With things looking a little different at the top of the conference, the Scioto Valley Conference volleyball race is as open in 2012 as it has been in recent memory.
Still, the idea that success breeds success is alive, especially with Adena, the perennial powerhouse at the top of the league. With that in mind, the Warriors are still at — or near, at least — the top of the conversation when it comes to volleyball this fall.
Here is a preview of some of the area’s teams. More will be featured in Monday’s paper:
Coach Laura Smith didn’t go into the specifics.
“Let’s just say that our numbers are down,” Smith said of her team, which made it to the state tournament’s Elite Eight last year but lost several players from that powerhouse team.
“But that’s just in the varsity,” she said. “We have 15 kids in junior high and 12 more in the seventh grade, so those numbers are great. And (for the varsity team), the kids who are here are all working hard. We’ve got a little group, but practices are fun and we’re getting a lot done.”
Adena, with its storied program and long conference winning streak, is doing its best to not let the other things bother what goes on on the field.
“My job is to coach the volleyball team,” Smith said. “I don’t think we feel any pressure at all. Last year was probably the most pressure I’ve ever felt in all these years, making sure we didn’t stub our toe and come up short of what we can do. This year, I think there’s a lot less pressure, even if we don’t have the same kind of group that we’ve had in the past.”
The Warriors bring plenty of talent with them into the season, starting with senior hitter Jenny Grigsby. She will be joined this year by fellow senior Alyssa Kennedy, along with sophomore Kirsten Dawson, junior Chloe Shea and sophomore Karli Bower. Also on the varsity roster are junior Bridgette Scaggs and sophomores Hannah Bakenhaster and Natalee Jones.
“The building blocks for us start with the seniors, and they’re learning how to be leaders,” Smith said. “They’re getting more vocal, and that’s been a real good thing for us. This team is starting to come together. I’m not going to say they’ve always been buddies or anything like that, but that’s part of what we’re going through right now. We’re getting to know each other, and the more they get to know each other, the harder they’re going to want to play for each other.”
There were a few big holes to fill for the Huntsmen after graduations of all-SVC middle hitter Zoey Zickafoose and Paige Danner. Coach Tina Magill is confident the roster is deep enough to replace those two, especially with seasoned returners Lane Beasley, Alayna Lytle, Haylie Ingram and Jackie Kellough.
For what that’s worth inside the program, coach Tina Magill says the focus isn’t so much about trying to fill the voids on offense — that will play itself out as the season moves along. The idea for Magill in 2012 is working to improve the team’s style of play on defense.
“We’ve definitely changed to a more defensive minded practice,” said Magill. “Last year we were great hitters but we didn’t cover enough area on the dinks and dunks that came from the other side. I still think our hitting is our strength, but the key to us getting better and winning is going to be our defense.”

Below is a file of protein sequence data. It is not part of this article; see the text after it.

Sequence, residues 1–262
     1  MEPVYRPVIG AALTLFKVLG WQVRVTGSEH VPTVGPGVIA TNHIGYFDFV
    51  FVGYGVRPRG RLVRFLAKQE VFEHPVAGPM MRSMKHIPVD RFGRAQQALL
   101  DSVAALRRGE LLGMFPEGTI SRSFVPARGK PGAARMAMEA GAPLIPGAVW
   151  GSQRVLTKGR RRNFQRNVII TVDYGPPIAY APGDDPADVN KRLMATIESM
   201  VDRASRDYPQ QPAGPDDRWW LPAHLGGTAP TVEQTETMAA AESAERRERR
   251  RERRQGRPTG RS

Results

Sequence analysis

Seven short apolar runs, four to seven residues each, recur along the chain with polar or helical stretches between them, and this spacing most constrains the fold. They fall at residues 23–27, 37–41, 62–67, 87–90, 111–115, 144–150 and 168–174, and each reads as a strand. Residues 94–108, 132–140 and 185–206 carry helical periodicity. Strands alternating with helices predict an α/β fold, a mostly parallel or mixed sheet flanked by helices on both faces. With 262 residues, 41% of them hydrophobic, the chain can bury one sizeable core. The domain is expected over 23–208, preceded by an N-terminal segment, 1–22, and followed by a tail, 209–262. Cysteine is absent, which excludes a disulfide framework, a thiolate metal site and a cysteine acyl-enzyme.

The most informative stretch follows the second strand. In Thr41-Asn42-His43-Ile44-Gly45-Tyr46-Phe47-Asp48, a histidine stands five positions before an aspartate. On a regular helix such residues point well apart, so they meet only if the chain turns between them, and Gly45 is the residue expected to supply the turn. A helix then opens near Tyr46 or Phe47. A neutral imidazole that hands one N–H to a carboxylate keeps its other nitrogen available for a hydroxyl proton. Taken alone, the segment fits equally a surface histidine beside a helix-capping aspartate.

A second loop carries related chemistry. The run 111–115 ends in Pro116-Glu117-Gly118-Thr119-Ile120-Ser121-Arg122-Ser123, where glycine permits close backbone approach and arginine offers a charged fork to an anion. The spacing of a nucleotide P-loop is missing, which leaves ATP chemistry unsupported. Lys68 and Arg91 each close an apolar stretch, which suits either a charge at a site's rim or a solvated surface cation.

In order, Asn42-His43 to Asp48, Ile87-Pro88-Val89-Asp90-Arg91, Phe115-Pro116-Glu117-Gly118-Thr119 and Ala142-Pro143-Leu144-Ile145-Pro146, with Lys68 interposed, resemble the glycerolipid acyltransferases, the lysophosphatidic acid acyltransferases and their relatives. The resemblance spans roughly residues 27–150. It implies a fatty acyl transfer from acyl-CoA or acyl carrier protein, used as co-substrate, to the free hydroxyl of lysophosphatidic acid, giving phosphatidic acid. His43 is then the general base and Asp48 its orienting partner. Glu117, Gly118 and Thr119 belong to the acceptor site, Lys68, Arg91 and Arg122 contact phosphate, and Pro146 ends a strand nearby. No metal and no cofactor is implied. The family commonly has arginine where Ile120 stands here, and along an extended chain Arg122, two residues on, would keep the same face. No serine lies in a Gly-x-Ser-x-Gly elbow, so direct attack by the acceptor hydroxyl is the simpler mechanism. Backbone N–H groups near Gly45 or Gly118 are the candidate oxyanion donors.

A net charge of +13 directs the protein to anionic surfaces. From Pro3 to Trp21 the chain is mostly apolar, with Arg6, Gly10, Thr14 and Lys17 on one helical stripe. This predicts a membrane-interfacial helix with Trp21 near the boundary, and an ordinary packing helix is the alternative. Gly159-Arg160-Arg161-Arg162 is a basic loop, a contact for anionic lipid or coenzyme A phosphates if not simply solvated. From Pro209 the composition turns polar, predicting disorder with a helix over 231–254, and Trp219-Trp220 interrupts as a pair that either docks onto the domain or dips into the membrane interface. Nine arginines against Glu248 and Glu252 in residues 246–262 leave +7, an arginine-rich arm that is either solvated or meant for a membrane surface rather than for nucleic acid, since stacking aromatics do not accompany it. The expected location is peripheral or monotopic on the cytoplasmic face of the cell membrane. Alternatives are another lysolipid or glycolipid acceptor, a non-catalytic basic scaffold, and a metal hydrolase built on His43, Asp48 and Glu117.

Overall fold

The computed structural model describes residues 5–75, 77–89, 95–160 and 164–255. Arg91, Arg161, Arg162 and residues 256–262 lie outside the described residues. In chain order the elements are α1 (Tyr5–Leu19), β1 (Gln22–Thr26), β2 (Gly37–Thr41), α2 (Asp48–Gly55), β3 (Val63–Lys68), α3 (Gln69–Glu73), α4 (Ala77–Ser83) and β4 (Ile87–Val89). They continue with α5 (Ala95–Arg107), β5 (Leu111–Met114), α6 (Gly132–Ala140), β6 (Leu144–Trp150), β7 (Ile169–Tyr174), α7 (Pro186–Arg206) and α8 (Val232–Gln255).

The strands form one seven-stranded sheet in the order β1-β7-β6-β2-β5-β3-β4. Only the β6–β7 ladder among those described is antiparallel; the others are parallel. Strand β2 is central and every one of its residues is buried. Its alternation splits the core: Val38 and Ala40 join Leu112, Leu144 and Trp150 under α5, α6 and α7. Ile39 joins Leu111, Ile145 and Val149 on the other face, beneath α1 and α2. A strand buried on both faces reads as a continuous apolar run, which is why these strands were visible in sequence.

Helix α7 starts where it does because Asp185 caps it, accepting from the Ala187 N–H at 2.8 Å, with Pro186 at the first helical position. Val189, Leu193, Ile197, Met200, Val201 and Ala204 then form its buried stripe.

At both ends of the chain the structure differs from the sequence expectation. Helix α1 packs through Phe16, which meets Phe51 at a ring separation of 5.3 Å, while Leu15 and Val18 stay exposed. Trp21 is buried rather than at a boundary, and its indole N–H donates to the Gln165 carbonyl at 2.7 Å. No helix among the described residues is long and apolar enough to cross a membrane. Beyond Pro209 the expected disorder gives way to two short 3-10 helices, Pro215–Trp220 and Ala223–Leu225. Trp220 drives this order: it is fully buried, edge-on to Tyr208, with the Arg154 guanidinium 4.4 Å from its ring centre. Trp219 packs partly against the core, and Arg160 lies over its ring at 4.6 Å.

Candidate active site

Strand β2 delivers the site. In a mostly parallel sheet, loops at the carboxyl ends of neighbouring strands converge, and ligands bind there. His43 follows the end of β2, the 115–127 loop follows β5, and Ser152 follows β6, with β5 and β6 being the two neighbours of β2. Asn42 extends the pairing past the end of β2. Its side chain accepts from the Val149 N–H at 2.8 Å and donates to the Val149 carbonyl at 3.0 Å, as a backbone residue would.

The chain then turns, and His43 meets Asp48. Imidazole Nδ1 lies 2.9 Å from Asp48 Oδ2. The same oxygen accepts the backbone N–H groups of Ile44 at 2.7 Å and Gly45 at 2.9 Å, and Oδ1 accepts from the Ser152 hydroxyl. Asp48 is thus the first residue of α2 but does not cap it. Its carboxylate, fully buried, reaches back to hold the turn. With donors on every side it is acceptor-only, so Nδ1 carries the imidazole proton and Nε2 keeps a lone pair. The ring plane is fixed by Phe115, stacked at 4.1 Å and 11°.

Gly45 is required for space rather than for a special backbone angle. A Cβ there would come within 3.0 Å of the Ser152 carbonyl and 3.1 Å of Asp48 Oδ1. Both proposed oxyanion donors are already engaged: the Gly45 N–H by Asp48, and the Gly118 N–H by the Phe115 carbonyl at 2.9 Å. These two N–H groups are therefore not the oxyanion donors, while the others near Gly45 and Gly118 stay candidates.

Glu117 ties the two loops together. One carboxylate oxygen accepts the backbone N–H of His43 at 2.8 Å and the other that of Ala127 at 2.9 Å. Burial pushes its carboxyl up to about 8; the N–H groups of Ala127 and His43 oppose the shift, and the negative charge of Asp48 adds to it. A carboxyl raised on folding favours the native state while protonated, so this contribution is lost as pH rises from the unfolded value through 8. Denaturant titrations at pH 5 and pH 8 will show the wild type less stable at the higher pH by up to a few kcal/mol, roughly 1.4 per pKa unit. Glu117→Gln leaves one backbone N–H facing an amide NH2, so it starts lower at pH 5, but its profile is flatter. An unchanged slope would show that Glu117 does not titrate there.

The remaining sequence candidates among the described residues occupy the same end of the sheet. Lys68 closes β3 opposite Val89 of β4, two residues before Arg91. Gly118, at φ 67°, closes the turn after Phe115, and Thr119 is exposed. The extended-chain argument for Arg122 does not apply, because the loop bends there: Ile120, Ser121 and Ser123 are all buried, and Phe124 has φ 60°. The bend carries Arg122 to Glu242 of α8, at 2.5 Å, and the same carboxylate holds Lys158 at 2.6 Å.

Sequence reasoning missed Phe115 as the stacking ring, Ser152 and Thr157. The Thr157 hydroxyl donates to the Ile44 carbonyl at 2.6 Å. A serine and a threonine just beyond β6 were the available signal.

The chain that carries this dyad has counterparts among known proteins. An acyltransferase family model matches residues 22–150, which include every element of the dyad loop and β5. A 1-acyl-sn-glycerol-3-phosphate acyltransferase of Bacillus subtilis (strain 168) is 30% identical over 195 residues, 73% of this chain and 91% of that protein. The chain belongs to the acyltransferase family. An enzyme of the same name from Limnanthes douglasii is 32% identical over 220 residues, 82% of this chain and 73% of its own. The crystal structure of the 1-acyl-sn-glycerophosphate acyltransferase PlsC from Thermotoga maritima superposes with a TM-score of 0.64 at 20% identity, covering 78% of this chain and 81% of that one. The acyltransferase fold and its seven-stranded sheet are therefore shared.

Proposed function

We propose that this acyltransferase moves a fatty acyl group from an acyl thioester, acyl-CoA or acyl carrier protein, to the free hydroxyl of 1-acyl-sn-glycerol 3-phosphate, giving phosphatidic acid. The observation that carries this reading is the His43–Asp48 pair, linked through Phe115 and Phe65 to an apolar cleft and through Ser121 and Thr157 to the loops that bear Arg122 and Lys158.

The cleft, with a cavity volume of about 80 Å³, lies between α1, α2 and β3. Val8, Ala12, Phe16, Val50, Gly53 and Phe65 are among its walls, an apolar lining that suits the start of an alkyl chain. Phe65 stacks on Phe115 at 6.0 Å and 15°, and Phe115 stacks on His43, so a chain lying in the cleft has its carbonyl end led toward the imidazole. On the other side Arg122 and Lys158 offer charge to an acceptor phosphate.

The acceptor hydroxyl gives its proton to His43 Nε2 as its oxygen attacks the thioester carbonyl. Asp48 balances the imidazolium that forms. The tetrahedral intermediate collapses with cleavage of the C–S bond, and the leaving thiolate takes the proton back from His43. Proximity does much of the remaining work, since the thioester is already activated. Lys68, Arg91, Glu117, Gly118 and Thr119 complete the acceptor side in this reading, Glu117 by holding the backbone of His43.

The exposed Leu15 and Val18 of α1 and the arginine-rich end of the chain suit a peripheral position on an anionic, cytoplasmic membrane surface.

Huntington strengthened its offseason work and scrimmage schedule this season to get the team ready to take the step they feel their ready to make in the Scioto Valley Conference. With a core group of talent and an off-season worth of preparation to see how that work is going to pay out, Magill said she ready to get into the season and see how her team — the league as well — is going to play out.
“Our confidence level is stronger and we’re extremely positive,” she said. “Our league is so good and it seems like everyone who lost somebody — including ourselves — just replaced them with someone just as good. We’re going to have to be on our game every single night.”
Judging by the kind of talent Westfall’s program is bringing to the table in 2012, they’re coming in with a real chance to make splashes in a strong conference usually dominated by two or three teams.
Some call that an underdog, but coach Lisa Lightle isn’t going to buy that moniker.
“Our potential is phenomenal,” coach Lisa Lightle said. “If these girls can reach that, they’ll be unstoppable.”
Westfall returns four seniors from last year’s squad, including Olivia Cobb, Lindsey Lemaster, Abbie Nicholson and Sara Link. First year senior Megan Rouss becomes the team’s fifth senior. The team did lose Alex Phillips, Olivia Beavers and Carlie Burke to graduation, but a talented class of sophomores and freshman look to fill that vacancy rather quickly.
Denise Arledge look to fill in for Phillips at setter, a position Magill called the biggest spot the team needed to fill. Hannah Wallace also adds depth to the team, coming in with what Magill called, “Improvement that’s just off the wall.”
Still, it comes down to those five seniors.
“These seniors, they’ve been around and they’re going to lead this group on the floor,” Lightle said. “I’ve been seeing this class grow on and off the court and they’re just a very talented group of girls. The goal, not only for the seniors, but for this team, is to make some noise and make their presence felt on the court.”
With new coach Jacquie Whittle taking over, the Bearcats have high hopes for the season.
“I was ecstatic when I found out we were going to have five seniors on this team, and five or six juniors,” said first-year coach Whittle. “They’ve been really great. The leaders on the team have started to take shape.”
Paint Valley’s seniors include defensive specialist Taylor Mills, along with setter Josie Lott. Also back for their senior seasons is hitter Sydney Hodge, Smily Bales and Charlene Stout.
“I think we have a lot of growth on this team,” Whittle said. “Individually, we’ve matured a lot mentally, and the girls are really starting to understand the game.”